The documents were sent by Angela T. a partner with a New York law firm hired by Wells Fargo, which was not a party to the suit. Based on the fairly narrow subpoena that the lawyer submitted — it sought communications about his client’s employment and compensation — there was no reason for the bank to turn over such information, especially without any redactions. Only after the story had been reported by the New York Times, Angela T send an email to the lawyer admitting the mistake: “We went through a long process of a very large email review with an outside vendor with instructions on exclusion which was spot checked. Clearly there was some type of vendor error — which I am confirming now.” In more simple terms: they had used e-discovery technology but had not quite understood how that works in terms of what was included in the search results and what was not. A serious mistake. This again underlines that understanding the software is crucial. Yet Angela T had not spent the time learning. Something she will probably forever regret.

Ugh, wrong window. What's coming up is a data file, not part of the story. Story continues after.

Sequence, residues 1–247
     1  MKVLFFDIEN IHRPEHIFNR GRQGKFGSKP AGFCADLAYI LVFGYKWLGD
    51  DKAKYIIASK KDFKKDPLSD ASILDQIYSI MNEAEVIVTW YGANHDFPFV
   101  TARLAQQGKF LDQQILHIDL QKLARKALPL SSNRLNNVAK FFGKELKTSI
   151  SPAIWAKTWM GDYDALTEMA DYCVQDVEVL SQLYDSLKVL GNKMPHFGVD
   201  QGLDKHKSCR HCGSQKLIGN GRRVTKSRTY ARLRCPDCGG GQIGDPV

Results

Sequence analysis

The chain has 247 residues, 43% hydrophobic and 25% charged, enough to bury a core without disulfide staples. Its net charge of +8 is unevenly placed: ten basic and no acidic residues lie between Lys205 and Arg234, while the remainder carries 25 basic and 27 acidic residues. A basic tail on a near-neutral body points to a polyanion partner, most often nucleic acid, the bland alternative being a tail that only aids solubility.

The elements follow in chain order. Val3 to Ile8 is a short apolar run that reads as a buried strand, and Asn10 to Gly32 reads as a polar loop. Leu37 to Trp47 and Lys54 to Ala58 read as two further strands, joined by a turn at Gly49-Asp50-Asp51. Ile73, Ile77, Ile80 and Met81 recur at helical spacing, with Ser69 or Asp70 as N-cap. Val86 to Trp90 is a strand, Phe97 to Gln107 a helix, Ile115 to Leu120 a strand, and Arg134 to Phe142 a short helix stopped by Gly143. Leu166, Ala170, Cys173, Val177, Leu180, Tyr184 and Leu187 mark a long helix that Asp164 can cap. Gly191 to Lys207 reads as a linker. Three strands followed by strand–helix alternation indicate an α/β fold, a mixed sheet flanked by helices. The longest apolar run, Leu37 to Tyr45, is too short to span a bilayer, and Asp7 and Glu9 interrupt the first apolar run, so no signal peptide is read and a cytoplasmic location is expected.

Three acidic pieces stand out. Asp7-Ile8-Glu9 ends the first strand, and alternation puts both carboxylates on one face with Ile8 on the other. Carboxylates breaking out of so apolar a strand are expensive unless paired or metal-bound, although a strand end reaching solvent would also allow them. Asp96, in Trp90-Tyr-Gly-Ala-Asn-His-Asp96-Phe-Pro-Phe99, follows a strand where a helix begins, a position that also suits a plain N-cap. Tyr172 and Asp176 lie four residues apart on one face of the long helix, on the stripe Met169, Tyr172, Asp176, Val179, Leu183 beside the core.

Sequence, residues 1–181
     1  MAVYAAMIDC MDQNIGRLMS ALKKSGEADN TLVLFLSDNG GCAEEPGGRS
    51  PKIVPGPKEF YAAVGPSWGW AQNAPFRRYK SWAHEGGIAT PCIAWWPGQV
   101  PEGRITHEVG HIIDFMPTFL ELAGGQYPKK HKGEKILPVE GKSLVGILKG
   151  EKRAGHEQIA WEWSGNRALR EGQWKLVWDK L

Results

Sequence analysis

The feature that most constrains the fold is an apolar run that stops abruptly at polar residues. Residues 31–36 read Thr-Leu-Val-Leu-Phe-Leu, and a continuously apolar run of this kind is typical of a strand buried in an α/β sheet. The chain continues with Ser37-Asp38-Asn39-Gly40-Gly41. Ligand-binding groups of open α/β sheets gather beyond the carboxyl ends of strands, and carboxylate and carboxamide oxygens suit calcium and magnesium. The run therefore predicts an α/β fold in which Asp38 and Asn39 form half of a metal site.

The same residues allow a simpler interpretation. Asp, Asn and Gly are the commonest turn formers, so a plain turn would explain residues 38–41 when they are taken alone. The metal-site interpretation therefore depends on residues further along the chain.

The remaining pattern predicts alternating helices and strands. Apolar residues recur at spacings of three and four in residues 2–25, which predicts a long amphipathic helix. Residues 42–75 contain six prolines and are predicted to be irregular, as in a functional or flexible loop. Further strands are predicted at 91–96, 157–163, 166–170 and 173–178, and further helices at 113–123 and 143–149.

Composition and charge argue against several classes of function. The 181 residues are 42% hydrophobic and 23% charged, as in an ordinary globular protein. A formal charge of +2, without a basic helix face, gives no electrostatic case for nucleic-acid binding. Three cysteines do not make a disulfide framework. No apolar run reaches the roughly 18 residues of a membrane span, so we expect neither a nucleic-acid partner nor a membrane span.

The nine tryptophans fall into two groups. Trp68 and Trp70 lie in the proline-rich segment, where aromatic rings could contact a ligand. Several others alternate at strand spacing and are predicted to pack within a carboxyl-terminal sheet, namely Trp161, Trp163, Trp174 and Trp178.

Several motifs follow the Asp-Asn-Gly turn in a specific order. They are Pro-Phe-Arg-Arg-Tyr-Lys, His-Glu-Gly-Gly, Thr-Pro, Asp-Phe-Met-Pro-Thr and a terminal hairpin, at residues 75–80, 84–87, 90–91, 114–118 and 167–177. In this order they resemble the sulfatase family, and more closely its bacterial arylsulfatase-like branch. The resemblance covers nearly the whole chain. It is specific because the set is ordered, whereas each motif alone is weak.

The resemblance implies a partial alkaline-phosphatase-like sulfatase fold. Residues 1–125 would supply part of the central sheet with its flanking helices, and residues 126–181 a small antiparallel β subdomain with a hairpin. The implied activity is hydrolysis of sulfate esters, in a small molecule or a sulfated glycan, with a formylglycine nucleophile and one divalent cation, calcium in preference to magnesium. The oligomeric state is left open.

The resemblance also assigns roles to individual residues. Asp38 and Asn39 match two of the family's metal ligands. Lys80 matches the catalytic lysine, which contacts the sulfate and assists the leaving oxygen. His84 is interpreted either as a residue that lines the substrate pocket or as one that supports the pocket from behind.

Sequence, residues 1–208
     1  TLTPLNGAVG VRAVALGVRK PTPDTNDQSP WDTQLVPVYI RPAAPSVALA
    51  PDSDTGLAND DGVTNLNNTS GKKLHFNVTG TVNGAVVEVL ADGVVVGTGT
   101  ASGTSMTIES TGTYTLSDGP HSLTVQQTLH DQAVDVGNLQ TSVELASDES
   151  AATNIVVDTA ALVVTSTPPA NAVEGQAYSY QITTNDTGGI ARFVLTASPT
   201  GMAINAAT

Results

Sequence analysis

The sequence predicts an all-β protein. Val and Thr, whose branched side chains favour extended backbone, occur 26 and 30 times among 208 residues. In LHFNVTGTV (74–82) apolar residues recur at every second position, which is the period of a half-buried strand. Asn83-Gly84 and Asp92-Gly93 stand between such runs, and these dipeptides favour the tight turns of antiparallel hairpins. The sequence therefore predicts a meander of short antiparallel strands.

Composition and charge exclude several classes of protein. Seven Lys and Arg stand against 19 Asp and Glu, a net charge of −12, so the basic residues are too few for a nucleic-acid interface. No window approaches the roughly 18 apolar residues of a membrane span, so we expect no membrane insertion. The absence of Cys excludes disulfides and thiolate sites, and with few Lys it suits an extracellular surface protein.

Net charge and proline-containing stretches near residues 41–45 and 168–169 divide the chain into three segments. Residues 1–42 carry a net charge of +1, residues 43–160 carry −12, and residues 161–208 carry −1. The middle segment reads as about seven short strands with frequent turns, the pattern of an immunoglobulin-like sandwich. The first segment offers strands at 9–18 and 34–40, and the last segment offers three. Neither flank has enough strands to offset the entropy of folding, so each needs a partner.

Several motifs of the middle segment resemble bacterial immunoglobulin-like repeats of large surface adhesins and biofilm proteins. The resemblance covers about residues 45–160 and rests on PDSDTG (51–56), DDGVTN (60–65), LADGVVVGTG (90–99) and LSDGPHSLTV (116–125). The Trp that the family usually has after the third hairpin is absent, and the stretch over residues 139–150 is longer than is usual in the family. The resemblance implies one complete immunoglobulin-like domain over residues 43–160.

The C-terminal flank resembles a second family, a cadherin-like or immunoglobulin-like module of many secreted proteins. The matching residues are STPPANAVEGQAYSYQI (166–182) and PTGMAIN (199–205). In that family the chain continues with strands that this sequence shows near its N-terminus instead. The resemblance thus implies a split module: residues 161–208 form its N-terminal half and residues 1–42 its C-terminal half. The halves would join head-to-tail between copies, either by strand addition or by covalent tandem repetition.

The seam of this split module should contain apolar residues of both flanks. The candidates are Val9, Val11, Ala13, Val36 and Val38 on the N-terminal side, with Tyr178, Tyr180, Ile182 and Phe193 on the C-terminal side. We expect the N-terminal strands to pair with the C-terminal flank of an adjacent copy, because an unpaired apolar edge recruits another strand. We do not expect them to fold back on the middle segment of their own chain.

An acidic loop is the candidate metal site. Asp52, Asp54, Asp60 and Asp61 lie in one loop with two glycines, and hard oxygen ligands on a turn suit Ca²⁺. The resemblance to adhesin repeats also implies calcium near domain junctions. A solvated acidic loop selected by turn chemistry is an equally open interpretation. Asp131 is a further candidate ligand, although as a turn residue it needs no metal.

Legal technology as a ‘deus-ex-machina’ solution


In chapter 8 of my first book, ‘Death of a Law Firm’, I describe how lawyers as it comes to the management and strategy of their firm are often looking for ‘deus-ex-machina’ solutions. A force from the outside, that as by magic will fix a perceived problem and make it go away without the lawyers’ active involvement. Legal Technology typically falls in this category. Investments in legal tech are not only done without a proper business case [read the article], but also without regard to the substantial amount of time that needs to be invested in order to master and properly use the new technology.


We strongly believe that eventually for all law firms it will become indispensable to use new and existing technology to become more efficient in doing research and producing documents. Technology augmenting lawyers, not replacing them. Whether this is already an issue for your firm today, will depend on the type of matters and the type of clients you are working for. Most of TGO Consulting’s clients are the elite law firms and for them already today focusing on increasing efficiency in production is a core consideration. We advise our clients on navigating the Legal Tech landscape, setting priorities and creating business cases that will yield a return on the investment in Legal Tech. The time that needs to be spend on software training by lawyers who already have a huge workload, is always part of the equation. It needs to be.